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Sample Time with Scope Blocks

The Scope block and Time Scope block inherit and propagate sample time differently. This example helps you understand how sample time inheritance works when using a Scope block versus a Time Scope block. This example also shows what to do when you want to control the sample time propagation in the model.

The Time Scope block is available with the DSP System Toolbox™.

Default Behavior with Inherited Sample Time

This model shows two sine waves connected to a Time Scope block. The same sine waves are also connected to a Scope block. All blocks have the default inherited sample time (the Sample Time parameter equal to -1).

When you run this model, all blocks have continuous sample time. Continuous sample time occurs because the solver is set to variable step by default and all the blocks are set to inherited sample time. When you compile the model, Simulink® gives you four warnings that say, " Source block specifies that its sample time (-1) is back-inherited. You should explicitly specify the sample time of sources. " This warning helps avoid unwanted sample time propagation from an incorrectly configured model. To improve clarity, these warnings have been hidden in this example.

Default Behavior with Fixed-Step Solver and Inherited Sample Time

Change the model to discrete sample time by setting the solver to fixed step.

The default plot type for the Scope block is Auto, which means that the plot changes type depending on the inputs. Because the sample time is now discrete, the Scope block shows a stair plot. The default plot type of the Time Scope block is a Line plot, so the signal visualization does not change when the sample time changes to discrete.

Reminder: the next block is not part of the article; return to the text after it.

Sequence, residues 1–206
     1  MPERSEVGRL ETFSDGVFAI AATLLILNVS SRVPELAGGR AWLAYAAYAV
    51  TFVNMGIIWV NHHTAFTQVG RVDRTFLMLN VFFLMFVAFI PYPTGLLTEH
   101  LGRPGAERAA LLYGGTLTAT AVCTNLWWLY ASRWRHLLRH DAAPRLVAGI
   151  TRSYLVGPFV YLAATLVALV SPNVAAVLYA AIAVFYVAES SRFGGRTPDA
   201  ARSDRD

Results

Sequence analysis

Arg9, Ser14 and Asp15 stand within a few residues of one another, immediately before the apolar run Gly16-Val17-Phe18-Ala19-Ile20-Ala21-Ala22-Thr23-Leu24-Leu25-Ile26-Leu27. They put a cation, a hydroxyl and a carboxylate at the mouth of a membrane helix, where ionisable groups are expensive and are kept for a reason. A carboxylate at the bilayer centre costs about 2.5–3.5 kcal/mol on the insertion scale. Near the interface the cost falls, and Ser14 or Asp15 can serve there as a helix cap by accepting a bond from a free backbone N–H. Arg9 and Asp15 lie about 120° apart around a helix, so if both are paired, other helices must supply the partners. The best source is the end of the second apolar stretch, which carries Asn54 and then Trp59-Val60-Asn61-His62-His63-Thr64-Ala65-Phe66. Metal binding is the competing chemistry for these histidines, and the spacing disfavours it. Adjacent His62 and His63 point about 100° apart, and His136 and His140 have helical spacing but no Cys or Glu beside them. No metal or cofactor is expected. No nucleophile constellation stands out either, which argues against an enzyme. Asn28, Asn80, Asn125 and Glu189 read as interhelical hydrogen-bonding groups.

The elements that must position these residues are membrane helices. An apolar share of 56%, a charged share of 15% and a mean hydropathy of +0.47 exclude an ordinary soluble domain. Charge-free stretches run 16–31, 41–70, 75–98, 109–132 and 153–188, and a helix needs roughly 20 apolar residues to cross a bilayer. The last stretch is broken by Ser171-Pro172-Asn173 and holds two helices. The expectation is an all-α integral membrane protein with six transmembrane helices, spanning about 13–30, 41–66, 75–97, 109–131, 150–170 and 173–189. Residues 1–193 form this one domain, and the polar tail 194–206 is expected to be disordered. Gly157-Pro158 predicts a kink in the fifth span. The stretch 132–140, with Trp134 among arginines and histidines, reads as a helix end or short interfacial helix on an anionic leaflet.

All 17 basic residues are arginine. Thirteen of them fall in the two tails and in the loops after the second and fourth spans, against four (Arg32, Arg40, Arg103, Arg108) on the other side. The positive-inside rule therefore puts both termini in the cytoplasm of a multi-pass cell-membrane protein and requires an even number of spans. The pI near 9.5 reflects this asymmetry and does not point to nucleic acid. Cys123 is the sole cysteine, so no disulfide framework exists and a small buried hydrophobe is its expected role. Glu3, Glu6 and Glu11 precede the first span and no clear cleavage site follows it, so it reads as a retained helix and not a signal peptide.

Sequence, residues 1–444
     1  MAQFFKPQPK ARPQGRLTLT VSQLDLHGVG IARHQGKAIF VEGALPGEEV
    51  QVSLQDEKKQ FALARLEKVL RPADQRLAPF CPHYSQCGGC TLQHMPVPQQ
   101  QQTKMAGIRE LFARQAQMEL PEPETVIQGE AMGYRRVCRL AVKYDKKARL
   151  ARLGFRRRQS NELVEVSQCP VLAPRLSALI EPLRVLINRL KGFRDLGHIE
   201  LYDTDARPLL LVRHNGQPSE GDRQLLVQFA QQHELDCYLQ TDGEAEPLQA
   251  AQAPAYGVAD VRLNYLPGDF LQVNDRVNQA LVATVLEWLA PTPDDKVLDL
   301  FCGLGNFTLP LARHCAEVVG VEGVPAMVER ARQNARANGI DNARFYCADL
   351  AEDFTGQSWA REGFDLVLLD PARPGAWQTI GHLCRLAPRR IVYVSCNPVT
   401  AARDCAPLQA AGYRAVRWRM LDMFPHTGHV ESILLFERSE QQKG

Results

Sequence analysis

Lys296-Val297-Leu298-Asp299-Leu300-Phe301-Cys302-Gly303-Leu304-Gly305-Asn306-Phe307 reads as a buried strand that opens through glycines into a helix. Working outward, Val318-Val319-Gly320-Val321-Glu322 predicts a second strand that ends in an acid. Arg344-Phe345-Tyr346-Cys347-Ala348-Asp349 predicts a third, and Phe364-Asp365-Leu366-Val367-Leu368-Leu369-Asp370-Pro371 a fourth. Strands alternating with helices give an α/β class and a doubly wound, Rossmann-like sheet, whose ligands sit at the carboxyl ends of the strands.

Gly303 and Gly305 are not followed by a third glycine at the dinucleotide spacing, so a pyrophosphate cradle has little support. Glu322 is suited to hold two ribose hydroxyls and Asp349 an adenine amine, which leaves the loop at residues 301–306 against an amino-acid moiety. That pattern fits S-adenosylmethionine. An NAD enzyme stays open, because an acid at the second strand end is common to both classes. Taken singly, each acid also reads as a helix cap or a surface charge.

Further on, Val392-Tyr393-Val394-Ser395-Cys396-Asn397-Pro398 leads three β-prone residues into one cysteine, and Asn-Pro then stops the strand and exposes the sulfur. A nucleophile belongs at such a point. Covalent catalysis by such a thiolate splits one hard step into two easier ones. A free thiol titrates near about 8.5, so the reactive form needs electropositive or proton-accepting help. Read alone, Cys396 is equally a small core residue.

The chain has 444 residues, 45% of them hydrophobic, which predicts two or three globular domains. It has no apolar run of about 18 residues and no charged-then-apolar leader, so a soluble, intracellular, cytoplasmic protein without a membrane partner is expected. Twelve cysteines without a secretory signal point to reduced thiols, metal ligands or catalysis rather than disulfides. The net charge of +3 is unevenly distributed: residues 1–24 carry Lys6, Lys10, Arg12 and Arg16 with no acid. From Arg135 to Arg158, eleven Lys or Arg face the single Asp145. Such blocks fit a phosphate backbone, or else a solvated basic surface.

One Specified Sample Time On the Model

Set the sample time of the first Sine Wave block to 0.03. Specifying one sample time changes the sample time of the entire model, changing the sample time for the blocks connected to the Sine Wave block and the ones not connected to the block. Simulink changes the sample rates for all the blocks in the model because the lowest specified sample time takes precedence over a solver-determined sample time. The number of warnings drops to three. To improve clarity, these warnings have been hidden in this example.

One Scope Input with Specified Sample Time

Set the sample time of the Sine Wave2 block to 0.04. Now the Sine Wave and Sine Wave2 blocks have specified sample times of 0.03 and 0.04 respectively. The scope blocks and Sine Wave input blocks with inherited sample time, they inherit the sample from the Sine Wave block with the specified sample time. Now each submodel within this model has a different sample time. All sample times are based on the sample times specified in the Sine Wave and Sine Wave2 blocks. The number of warnings drops to two. To improve clarity, these warnings have been hidden in this example.

All Inputs with Specified Sample Time

Set the sample time of the Sine Wave1 block to 0.03, and the sample time of the Sine Wave3 block to 0.04. Now the Sine Wave and Sine Wave1 blocks have a sample time of 0.03 and the Sine Wave2 and Sine Wave3 blocks have a sample time of 0.04. There are no warnings now because you have specified the sample times for all the source blocks.